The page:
"It is astonishing what foolish things one can temporarily believe if one thinks too long alone, particularly in economics". John Maynard Keynes (1936, The General Theory).

Tuesday, 7 June 2011

The * hypothesis

Is it possible to have a research hypothesis without a name? Well, it might not be possible, but it might be necessary...

The latest paper is available online under the title


at this link


(copy the link to your browser or click on the link at the left column of the blog)

Historical study has not been within the scope of the research project titled “Exchange networks and parallel currencies: Theoretical approaches and the case of Greece”. Of course, research participants often mention that their economic activity is not a new invention. However, it did not arrive to be imminent to consider of locating this activity within a historical framework till mapping of the schemes took place. The geographical dispersion of the schemes was such, that neither new communication technologies, nor the current economic crisis in Greece could explain the phenomenon in a satisfactory way.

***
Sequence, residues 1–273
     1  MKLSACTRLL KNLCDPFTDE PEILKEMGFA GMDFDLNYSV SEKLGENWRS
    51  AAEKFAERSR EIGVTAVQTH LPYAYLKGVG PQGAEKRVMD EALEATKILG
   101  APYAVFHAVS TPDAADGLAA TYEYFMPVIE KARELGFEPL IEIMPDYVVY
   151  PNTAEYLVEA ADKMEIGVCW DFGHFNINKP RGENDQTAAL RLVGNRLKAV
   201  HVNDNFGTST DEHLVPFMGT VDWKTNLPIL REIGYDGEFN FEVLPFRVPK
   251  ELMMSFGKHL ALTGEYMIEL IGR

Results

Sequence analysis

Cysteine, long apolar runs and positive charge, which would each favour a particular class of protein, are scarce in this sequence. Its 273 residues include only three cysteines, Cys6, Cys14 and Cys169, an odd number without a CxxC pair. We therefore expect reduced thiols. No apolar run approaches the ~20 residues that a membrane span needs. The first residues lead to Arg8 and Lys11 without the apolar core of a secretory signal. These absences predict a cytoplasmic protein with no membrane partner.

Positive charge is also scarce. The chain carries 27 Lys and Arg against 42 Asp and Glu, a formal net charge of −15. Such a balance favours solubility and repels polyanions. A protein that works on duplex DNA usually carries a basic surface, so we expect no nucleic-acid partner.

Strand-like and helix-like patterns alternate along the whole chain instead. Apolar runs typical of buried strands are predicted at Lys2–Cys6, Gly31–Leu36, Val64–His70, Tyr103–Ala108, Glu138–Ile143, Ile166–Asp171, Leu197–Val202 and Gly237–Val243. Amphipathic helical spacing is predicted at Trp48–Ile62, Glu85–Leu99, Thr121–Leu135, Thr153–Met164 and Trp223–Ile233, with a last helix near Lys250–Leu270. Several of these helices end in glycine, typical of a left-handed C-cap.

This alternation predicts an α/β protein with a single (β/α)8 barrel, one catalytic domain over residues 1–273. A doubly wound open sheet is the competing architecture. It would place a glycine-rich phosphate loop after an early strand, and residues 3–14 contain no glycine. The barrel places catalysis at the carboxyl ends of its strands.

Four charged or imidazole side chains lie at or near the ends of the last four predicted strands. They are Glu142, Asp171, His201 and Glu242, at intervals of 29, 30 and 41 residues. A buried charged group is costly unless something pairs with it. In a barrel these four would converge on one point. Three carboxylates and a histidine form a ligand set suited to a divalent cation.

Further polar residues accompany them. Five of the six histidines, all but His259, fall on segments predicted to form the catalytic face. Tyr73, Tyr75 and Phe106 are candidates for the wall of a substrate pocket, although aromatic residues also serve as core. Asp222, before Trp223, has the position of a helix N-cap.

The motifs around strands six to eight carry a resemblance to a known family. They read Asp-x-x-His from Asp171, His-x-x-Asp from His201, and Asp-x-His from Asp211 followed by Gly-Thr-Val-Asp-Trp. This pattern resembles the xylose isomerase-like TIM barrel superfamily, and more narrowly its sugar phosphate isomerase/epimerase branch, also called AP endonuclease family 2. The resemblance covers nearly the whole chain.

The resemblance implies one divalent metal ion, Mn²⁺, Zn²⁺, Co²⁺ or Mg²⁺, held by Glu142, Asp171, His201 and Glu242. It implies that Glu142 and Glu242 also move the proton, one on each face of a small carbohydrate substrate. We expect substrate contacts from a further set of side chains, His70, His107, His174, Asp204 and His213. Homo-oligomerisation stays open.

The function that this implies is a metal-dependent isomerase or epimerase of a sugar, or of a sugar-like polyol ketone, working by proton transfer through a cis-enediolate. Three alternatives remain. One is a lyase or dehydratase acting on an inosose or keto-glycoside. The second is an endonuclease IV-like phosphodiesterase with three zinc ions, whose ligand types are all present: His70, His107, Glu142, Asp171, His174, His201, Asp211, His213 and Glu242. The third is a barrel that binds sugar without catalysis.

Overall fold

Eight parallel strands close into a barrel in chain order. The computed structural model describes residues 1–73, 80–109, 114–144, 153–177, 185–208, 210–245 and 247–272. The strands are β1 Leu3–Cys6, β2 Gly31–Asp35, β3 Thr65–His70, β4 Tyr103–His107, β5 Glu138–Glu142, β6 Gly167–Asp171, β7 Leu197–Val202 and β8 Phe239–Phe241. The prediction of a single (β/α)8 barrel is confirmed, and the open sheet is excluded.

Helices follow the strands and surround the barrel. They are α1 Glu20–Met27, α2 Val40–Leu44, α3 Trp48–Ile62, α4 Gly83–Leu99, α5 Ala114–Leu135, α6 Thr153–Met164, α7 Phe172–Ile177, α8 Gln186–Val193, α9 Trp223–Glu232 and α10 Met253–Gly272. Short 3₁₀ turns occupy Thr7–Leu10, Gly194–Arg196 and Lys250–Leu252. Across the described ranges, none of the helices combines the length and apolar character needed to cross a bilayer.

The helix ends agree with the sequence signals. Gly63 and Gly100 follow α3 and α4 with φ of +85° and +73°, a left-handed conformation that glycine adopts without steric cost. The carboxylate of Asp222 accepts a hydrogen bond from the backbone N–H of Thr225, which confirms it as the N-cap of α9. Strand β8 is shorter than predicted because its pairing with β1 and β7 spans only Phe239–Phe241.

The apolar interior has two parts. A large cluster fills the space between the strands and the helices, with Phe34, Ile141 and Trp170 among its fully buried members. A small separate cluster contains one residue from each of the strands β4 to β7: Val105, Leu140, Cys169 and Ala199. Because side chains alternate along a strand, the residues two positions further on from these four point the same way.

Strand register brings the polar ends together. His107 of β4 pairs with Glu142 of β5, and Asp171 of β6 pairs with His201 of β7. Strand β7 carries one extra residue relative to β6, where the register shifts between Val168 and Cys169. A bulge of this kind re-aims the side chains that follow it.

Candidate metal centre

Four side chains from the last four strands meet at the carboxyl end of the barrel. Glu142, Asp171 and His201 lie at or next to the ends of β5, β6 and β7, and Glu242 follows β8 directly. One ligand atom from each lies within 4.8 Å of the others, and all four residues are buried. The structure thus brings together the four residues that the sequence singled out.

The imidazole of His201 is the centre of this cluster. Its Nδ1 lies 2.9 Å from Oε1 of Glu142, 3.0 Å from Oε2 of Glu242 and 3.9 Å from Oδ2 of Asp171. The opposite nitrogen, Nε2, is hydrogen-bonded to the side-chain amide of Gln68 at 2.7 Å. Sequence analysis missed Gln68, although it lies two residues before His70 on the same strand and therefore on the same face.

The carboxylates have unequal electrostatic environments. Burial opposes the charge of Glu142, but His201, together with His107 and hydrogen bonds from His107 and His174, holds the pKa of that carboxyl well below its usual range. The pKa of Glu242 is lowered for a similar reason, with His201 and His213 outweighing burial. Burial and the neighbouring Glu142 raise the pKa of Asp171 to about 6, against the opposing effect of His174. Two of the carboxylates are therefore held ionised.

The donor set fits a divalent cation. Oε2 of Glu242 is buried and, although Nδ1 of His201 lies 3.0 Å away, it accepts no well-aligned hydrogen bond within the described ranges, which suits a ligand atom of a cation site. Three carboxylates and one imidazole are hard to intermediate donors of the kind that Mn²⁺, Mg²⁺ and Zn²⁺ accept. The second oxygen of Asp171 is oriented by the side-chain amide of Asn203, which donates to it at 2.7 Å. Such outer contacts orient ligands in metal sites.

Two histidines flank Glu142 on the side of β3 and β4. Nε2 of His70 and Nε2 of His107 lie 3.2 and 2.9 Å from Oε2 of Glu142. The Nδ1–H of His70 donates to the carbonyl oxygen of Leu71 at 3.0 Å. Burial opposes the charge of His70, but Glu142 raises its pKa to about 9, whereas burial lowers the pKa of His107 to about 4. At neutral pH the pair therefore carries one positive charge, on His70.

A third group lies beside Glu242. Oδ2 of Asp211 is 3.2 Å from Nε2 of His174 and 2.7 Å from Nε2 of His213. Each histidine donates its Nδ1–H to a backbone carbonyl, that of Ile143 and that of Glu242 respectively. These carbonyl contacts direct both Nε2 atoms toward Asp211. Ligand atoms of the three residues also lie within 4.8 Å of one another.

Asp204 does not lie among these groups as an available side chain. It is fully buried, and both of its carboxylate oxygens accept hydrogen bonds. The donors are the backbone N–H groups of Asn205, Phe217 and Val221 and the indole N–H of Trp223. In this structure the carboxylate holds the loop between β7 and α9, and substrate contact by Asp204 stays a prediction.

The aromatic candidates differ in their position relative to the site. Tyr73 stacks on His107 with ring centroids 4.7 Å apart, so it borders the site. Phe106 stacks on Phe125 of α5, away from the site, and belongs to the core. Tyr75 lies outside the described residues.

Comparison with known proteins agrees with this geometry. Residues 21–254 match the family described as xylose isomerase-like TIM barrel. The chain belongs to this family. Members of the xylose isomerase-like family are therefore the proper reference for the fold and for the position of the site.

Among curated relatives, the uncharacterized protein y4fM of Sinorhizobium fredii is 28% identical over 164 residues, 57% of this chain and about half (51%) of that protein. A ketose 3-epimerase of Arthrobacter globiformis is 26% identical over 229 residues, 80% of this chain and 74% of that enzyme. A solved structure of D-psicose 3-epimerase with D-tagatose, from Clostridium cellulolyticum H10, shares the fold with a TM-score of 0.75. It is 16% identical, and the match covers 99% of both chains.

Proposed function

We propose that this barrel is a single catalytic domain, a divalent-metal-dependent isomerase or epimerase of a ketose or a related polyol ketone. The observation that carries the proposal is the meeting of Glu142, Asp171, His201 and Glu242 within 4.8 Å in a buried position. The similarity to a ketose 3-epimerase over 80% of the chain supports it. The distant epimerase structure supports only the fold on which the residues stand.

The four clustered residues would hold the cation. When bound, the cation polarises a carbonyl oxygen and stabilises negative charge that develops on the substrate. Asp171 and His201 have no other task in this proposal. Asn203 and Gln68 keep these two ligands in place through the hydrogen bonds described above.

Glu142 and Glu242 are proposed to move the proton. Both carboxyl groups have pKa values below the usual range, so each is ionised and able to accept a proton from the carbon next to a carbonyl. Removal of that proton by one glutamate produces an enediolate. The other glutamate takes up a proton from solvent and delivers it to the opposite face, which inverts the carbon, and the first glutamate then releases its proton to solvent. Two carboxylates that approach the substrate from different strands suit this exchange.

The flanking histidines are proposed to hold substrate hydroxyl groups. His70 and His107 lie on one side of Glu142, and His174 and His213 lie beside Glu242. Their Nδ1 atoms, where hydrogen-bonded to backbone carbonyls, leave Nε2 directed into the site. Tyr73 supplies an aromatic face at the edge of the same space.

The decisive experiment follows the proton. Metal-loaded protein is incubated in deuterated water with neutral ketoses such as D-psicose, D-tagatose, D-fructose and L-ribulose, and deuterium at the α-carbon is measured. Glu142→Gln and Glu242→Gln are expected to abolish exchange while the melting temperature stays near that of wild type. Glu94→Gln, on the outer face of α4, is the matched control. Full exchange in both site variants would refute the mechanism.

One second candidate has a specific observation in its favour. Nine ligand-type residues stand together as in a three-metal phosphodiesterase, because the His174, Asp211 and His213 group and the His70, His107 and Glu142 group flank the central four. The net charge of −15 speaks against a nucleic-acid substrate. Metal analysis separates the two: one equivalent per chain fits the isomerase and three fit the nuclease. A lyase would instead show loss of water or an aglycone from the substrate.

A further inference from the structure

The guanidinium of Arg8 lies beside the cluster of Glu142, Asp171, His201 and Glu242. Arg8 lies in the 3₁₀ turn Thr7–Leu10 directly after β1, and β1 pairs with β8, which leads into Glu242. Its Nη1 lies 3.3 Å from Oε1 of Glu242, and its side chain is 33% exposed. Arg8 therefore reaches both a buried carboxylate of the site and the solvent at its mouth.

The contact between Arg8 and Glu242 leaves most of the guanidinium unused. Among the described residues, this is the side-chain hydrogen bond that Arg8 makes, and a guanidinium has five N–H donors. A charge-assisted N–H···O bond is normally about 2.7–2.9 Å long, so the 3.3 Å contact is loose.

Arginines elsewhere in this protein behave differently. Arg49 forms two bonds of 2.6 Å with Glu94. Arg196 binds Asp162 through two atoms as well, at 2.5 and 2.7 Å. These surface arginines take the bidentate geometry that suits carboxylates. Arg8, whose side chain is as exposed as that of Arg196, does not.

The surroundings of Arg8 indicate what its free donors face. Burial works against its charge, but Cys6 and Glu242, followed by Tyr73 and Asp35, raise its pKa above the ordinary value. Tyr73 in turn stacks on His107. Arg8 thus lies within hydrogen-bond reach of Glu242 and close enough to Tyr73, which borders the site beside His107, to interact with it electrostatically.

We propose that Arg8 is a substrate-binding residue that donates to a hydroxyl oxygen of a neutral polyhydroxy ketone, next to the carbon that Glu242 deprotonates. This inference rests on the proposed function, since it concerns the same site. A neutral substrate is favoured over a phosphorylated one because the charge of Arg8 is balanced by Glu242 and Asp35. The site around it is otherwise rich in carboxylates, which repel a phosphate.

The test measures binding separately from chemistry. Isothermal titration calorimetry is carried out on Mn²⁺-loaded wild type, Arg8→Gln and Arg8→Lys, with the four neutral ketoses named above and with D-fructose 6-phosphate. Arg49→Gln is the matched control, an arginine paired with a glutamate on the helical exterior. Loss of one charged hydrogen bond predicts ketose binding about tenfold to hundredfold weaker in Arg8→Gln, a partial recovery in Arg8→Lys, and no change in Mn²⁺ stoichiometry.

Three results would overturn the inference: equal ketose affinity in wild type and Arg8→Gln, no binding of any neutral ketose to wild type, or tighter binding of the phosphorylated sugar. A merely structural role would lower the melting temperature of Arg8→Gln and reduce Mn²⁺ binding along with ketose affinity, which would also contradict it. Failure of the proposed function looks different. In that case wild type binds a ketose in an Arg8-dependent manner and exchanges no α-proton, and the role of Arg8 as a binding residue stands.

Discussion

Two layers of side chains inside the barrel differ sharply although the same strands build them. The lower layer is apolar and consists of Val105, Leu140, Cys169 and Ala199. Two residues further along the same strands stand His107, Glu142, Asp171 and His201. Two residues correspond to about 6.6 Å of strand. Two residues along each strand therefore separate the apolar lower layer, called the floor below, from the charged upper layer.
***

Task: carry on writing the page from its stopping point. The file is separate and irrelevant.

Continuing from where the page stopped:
Moreover, several research findings repeatedly appear without enabling any theoretical explanation that could link them together. At the same time, modern literature from all over the world is being oriented towards the study of parallel currencies, while exchange networks and free bazaars are almost inexistent for both academic and non-academic writers. Of course, it would not be wise to think that exchange networks and free bazaars are just a Greek originality. What is happening then?

The present paper is an attempt to formulate a hypothesis using research findings which for reasons we cannot explain yet, “demand” their place in time, actually in time and space altogether. We try to see how scheme members with both their discourse and action challenge our perceptions about:

a) transactions without official currency being an old-times trait, which has long been or should be abandoned as “non-economic” and inefficient.